Most of us can’t imagine our lives without peanut butter as it makes up for super easy and energy-filled go-to snacks. The smooth, chunky texture and epitome of flavors make it a favorite of both adults and kids. However, some people complain that peanut butter causes burns on their chest and a sore sensation on the back side of their mouth.
Due to these heartburn symptoms, it is generally believed that peanut butter is acidic but is that really true? Is peanut butter acidic enough to cause acid reflux? If so, how can you make it less acidic? To know the answers to these questions, keep reading the article!
Is peanut butter acidic?
To find out whether it’s acidic or not, we’d need to check for its ingredients. Generally, peanut butter comprises proteins, vitamins, unsaturated fats, omega 3 fatty acids, carbohydrates, sugar, sodium, and some other micro minerals like omega 6 manganese. These nutrients come from its major ingredients; sugar, roasted peanuts, and vegetable oil (hydrogenated).
Even though these ingredients may cause severe inflammation, the pH of peanut butter is 6.3 which makes it mildly acidic. However, still, it’s super close to being neutral. You might be surprised to know that orange juice, vinegar, and lemon juice are much more acidic than peanut butter so if your stomach doesn’t react to these beverages harshly, it won’t be affected negatively by peanut butter.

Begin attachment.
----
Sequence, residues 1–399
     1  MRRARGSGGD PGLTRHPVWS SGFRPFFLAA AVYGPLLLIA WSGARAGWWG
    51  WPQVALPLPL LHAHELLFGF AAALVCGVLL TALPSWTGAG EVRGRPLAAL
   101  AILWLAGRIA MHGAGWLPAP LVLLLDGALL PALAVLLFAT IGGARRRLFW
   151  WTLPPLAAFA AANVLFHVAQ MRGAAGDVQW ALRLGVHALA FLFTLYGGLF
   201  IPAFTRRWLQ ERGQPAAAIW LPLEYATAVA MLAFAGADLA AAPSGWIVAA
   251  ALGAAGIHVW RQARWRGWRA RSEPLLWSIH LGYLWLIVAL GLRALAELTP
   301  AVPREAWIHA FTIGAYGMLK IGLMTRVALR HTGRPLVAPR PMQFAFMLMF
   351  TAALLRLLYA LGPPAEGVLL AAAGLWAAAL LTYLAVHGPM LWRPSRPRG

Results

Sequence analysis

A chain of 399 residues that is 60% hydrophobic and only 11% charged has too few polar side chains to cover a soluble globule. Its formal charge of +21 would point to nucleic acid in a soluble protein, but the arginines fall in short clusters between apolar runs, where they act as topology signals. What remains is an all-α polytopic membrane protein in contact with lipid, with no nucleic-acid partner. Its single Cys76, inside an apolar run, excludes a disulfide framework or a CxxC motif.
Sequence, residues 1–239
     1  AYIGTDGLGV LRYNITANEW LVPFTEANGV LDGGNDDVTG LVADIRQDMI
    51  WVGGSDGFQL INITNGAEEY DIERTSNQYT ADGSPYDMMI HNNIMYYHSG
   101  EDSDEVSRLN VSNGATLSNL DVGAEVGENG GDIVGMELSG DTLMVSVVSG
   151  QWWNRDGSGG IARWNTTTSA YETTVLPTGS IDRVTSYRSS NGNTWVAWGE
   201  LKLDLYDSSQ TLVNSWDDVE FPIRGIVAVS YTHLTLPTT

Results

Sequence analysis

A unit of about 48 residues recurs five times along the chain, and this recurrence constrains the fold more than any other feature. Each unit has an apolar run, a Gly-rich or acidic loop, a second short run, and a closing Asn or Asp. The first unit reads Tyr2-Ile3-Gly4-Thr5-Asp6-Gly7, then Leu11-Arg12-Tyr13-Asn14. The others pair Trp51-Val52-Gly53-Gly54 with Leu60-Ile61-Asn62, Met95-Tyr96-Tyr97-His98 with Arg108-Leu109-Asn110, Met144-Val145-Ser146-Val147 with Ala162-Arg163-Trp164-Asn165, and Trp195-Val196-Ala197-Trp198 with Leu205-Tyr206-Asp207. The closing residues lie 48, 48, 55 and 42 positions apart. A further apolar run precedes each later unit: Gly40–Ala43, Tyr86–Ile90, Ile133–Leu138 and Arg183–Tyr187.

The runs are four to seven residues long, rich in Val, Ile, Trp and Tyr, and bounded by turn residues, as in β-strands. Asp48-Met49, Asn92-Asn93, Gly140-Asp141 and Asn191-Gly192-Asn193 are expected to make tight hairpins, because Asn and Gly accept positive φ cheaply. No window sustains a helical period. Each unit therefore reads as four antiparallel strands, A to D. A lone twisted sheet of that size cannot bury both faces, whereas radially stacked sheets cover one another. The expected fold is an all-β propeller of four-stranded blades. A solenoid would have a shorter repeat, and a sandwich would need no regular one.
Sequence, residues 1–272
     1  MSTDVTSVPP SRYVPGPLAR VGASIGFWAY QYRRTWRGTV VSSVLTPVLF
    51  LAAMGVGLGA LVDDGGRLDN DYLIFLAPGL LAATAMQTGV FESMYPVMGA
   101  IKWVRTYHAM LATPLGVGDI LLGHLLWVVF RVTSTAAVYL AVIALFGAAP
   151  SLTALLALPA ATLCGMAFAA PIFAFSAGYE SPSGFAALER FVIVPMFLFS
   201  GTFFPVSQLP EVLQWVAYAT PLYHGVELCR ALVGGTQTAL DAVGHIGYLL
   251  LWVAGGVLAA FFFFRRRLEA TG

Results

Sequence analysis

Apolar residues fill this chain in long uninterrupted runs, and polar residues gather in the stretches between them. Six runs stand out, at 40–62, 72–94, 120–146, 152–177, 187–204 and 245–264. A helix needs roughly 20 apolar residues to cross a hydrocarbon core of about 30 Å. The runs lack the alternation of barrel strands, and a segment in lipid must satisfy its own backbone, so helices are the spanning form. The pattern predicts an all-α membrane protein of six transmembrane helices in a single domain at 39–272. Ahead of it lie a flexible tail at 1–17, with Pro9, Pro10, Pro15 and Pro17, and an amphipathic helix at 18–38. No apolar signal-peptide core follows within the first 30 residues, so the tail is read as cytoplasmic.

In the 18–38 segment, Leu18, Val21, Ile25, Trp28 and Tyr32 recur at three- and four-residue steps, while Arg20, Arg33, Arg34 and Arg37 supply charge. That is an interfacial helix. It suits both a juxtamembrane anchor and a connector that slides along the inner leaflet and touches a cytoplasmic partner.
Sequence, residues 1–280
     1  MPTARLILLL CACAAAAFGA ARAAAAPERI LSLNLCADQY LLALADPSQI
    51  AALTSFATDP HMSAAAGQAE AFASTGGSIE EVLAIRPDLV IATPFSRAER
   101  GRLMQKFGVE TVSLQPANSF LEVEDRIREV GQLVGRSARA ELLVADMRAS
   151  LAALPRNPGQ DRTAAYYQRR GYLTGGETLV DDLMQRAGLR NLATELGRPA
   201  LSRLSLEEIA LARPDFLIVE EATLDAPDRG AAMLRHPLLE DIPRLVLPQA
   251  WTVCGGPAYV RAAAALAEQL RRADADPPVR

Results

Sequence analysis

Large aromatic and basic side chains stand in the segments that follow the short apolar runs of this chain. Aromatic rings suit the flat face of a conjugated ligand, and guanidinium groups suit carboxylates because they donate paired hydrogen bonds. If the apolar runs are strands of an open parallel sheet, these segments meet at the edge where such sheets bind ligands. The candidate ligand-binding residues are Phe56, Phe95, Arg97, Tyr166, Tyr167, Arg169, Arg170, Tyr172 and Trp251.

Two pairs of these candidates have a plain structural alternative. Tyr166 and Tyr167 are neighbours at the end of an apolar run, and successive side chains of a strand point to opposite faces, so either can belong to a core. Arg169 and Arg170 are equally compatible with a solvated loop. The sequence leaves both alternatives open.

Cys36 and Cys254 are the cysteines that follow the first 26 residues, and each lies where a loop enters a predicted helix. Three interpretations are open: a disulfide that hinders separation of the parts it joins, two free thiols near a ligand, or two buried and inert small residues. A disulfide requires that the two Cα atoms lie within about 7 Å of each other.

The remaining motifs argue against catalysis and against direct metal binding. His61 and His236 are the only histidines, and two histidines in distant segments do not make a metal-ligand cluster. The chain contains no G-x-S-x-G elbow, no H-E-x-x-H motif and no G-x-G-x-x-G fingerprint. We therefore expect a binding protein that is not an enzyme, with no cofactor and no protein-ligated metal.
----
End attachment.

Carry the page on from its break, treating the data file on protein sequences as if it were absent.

If peanut butter is not acidic, why does it cause heartburn?
Since peanut butter comprises high amounts of unsaturated fats, it can cause heartburn. However, you need to remember that peanut butter doesn’t cause acid reflux but if you are already suffering from this problem, it might trigger the symptoms.
Another reason why you feel heartburn on eating peanut butter is that you might eat it on an empty stomach. Since our stomach already contains digestive enzymes in the form of acid, when we consume peanut butter (which is also mildly acidic), it disturbs the neutral pH of your stomach, making it more acidic and making your chest and esophagus feel burning.
How can you make the peanut butter less acidic?
In case you are suffering from chronic acid reflux or peptic ulcer, you should try to avoid peanut butter. However, if these conditions are not too severe, you can consume a special sort of peanut butter, in a limited amount.
Since most of the acidic nature is contributed by roasted peanuts and sugar, you better go with peanut butter that is less granular or less chunky. Experts say that the acidity of chunkier peanut butter is higher than that of a creamer so stick to only the creamer options.
Similarly, avoid sweetened peanut butter – even those which contain caramel as a sweetening agent. This, in turn, will not only keep the chances of acid reflux lower but also be a safe alternative for diabetics. Lastly, even though it’s completely healthy, you should consume peanut butter in a limited amount to stay on the safe side. Even if you have unsweetened and creamy peanut butter, never consume more than two tablespoons in a day.